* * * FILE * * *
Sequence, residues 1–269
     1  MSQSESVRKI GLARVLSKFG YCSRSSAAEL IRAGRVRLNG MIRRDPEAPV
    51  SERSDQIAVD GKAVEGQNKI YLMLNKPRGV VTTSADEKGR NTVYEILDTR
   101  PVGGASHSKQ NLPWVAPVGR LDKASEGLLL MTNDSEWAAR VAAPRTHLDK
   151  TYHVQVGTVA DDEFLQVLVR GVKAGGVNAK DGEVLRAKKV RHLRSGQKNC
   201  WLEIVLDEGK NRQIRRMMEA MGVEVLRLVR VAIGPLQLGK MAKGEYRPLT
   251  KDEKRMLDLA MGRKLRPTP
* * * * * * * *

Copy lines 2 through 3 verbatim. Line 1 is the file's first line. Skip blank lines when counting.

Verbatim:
     1  MSQSESVRKI GLARVLSKFG YCSRSSAAEL IRAGRVRLNG MIRRDPEAPV
    51  SERSDQIAVD GKAVEGQNKI YLMLNKPRGV VTTSADEKGR NTVYEILDTR